We are friendly with the Cuban people and we want to get the kind of understanding with their government that will make mutual progress feasible.

Now, as I say, that policy which our friends down south know was, so far as I heard, approved by them.

Q. Thomas N. Schroth, Congressional Quarterly: Mr. President, two key points in the administration's civil rights bills, those coveting Government contracts conditions and the aid to areas that are desegregating schools, have been cut out of the House version. Are you going to urge your Senate leaders to restore them when the bill gets to the Senate?

THE PRESIDENT. I shall continue to say that this bill was brought up after all kinds of conferences I could get. As you know, I am trying to find a moderate, reasonable path that points to progress. So, I believe in this bill, and I'm going to ask for it. Of course, I want the best bill the Congress will give me in this very troublesome and sensitive area.

Q. Lloyd M. Schwartz, Fairchild Publications: Businessmen seem to be somewhat apprehensive about the economic outlook which appears to have lost some of its luster since January. What is your own assessment for the economic outlook for the rest of the year?

THE PRESIDENT. I think it is very healthy and very fine.

Now, of course, people are always looking at curves of past performance, and they always want to have a recovery curve mounting more steeply. There were some rather bold predictions made as late as December and early January and even early February. I think that my own advisers have always counseled to take a moderate target, but they have always said this: the outlook for American business is indeed good.

Q. Clark R. Mollenhoff, Des Moines Register and Tribune: Mr. President, Vice President Nixon very recently established an independent advisory committee on agriculture to develop some kind of a farm program, independent of the administration. And I wondered if he had ever discussed with you this agricultural situation and expressed any dissatisfaction or anything like that.

THE PRESIDENT. AS a matter of fact I know he was party with the agricultural program that I sent down to the Congress. I don't know about this development you speak of; I suspect it's something to bring into sharper focus some of the local problems that will be encountered in any campaign. I haven't talked further than that with the Vice President about it.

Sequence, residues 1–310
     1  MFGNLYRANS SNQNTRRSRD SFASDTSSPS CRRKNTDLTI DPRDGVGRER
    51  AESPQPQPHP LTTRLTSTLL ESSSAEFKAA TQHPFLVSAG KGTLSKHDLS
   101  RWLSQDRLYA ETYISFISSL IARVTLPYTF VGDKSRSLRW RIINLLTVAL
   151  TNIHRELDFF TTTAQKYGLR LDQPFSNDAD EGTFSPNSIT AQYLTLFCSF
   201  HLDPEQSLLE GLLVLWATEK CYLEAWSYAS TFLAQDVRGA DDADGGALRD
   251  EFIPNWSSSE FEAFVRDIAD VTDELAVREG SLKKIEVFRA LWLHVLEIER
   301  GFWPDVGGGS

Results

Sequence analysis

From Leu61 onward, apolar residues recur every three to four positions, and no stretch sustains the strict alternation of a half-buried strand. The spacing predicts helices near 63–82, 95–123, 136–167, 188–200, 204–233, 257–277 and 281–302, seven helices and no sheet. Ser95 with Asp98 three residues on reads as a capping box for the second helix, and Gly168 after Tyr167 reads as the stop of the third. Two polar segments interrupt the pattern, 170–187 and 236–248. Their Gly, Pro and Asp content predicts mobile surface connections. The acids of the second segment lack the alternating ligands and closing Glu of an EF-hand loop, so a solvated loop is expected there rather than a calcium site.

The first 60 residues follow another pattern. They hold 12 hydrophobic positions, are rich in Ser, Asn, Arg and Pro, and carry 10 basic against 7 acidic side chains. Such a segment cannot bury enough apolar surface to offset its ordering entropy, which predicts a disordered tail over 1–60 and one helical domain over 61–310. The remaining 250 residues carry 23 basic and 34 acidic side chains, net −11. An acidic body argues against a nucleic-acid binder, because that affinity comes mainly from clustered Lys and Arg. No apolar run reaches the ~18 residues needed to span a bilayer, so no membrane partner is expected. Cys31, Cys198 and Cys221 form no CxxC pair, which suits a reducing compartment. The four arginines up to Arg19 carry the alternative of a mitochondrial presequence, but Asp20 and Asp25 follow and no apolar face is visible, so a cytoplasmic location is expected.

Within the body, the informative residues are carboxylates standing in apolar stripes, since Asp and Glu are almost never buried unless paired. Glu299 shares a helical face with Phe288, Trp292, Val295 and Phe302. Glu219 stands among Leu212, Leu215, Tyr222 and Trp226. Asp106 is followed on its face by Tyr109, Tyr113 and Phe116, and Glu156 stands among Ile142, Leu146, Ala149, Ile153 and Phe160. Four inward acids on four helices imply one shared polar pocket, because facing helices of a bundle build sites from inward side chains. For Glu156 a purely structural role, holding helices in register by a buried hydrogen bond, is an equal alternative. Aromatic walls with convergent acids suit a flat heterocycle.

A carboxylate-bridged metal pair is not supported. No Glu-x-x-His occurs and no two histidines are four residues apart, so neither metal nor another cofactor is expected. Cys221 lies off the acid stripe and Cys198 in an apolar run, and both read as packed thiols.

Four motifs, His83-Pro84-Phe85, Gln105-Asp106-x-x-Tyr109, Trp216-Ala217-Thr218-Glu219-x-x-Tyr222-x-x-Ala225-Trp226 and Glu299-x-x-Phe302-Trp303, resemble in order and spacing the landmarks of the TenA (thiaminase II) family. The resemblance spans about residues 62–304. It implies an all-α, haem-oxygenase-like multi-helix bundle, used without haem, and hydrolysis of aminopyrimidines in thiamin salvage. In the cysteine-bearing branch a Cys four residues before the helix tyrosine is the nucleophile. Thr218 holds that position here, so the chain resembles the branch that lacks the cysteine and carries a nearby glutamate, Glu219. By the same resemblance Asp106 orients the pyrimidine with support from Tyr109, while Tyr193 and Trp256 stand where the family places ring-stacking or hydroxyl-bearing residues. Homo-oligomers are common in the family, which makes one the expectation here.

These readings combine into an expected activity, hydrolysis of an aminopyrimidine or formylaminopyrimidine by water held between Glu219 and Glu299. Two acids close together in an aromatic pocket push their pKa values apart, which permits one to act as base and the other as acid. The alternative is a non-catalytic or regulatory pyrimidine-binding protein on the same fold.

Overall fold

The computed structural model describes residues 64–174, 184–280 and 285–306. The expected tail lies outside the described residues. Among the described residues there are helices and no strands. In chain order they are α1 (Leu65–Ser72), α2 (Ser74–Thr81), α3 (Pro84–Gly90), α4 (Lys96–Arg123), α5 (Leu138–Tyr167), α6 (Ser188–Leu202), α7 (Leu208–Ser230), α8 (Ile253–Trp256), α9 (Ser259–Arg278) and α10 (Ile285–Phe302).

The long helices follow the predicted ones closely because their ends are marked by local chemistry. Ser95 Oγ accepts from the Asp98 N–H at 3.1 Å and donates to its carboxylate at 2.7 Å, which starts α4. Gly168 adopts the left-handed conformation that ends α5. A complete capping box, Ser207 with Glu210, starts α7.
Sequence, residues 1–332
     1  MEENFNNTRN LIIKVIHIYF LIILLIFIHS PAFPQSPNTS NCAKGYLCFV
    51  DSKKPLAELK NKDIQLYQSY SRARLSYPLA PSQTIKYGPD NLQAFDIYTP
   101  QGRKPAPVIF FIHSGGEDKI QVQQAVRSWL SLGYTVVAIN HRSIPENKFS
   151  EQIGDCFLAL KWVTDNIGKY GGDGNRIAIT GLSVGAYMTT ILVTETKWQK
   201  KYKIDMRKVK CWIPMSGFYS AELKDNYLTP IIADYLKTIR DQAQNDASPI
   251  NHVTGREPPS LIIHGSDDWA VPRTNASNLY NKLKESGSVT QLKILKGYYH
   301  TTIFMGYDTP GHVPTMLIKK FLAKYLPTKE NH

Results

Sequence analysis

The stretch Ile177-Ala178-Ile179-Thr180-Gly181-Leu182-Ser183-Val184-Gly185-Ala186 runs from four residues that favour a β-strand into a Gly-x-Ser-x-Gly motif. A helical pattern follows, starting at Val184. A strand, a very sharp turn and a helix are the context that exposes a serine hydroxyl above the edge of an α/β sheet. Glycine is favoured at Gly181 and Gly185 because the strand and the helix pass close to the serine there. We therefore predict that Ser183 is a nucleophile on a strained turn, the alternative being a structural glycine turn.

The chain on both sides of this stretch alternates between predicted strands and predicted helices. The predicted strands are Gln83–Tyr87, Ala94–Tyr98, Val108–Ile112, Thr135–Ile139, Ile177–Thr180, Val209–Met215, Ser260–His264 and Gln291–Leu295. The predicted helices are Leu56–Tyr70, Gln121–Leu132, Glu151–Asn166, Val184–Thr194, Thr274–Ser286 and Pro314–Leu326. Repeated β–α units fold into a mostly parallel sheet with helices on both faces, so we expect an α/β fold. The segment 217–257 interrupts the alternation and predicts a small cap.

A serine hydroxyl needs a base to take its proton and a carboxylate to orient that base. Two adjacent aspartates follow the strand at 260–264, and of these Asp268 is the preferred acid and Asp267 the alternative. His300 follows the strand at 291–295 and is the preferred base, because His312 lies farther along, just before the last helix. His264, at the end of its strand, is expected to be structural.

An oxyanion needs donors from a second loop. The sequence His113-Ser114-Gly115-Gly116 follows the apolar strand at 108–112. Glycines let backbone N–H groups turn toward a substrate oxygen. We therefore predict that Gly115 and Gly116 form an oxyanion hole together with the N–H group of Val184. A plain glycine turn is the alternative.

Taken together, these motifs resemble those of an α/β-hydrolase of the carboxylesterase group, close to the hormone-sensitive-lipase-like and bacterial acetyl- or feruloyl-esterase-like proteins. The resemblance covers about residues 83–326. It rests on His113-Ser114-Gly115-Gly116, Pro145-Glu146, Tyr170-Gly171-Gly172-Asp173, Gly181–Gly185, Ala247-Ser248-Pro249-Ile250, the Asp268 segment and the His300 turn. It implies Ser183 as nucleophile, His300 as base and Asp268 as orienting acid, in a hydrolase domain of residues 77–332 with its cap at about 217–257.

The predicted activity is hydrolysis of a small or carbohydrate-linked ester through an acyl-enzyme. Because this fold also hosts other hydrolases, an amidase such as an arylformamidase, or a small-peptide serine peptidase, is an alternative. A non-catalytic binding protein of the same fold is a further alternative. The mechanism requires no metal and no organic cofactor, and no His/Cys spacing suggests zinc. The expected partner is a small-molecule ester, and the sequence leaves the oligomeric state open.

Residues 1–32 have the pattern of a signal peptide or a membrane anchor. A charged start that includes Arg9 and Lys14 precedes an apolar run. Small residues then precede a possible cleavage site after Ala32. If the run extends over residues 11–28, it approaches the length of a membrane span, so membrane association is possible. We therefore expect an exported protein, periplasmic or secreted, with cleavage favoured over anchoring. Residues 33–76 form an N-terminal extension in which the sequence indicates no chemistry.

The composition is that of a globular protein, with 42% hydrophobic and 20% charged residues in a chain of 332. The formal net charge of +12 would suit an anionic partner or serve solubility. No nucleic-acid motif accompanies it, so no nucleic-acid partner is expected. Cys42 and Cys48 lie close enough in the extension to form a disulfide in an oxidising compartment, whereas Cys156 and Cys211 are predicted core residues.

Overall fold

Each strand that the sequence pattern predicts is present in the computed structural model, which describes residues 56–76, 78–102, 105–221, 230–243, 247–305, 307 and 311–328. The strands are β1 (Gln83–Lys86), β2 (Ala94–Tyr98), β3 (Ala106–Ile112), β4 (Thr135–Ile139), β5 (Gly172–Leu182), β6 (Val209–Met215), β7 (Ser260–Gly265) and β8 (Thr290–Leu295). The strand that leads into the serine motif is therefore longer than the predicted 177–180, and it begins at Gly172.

Q. L. Edgar Prina, Washington Star: Mr. President, in reply to an earlier question on lunch counter demonstrations, you said that you believed that all persons were guaranteed equal rights. Now, do you believe that Negroes have guaranteed rights to eat with whites at lunch counters, and if so, do you not then believe that the Federal Government has some role to play in the present situation?

THE PRESIDENT. So far as I know, this matter of types of segregation in the South has been brought time and again before the Supreme Court. Now, I certainly am not lawyer enough or wise enough in this area to know when a matter is such as actually to violate the constitutional rights of the Negroes.

My own understanding is that when an establishment belongs to the public, opened under public charter and so on, equal fights are involved; but I am not sure that this is the case whatsoever.

I was talking about demonstrations, of marching in the streets, or any other kind of peaceful assembly that is trying to show what the aspirations and the desires of a people are. Those, to my mind, as long as they are in orderly fashion, are not only constitutional, they have been recognized in our country as proper since we have been founded.

Now, the different types, different ways in which resentment or defiance could be expressed, I couldn't possibly go into all those details; I don't know.

Q. Rutherford M. Poats, United Press International: Sir, a moment ago you described the Western disarmament plan as a practical step-by-step approach. 'Would you characterize for us, sir, the Soviet plan for a 4-year package approach to this problem?

THE PRESIDENT. Well, no, I don't want to characterize anything at the moment. I just believe that our plan is a better one on which to start for a disarmament in some scale than is theirs; but I don't want to characterize it with any adjective or in any other particular type.

Q. Donald H. Shannon, Los Angeles Times: Mr. Butler had some "leak" problems himself just recently and he was reported as having said that Senator Kennedy appears to have the leading role, as far as getting the Democratic nomination. I know it's no concern of yours, but if you will be involved very seriously in the campaign, as you said today, does it appear to you that Kennedy is out in front for the other party's nomination?

THE PRESIDENT. I didn't say I would be involved very seriously; I said if I were asked, and a candidate from my party thinks I can be useful, then I will do what I can. I am not going to make any predictions for the other side, but this is a political year, and I'll just keep still about it and be wiser. [Laughter]

Marvin L. Arrowsmith, Associated Press: Thank you, Mr. President.

Note: President Eisenhower's one hundred and eighty-second news conference was held in the Executive Office Building from 10:30 to 11 o'clock on Wednesday morning, March 16, 1960. In attendance: 248.

Dwight D. Eisenhower, The President's News Conference Online by Gerhard Peters and John T. Woolley, The American Presidency Project https://www.presidency.ucsb.edu/node/235411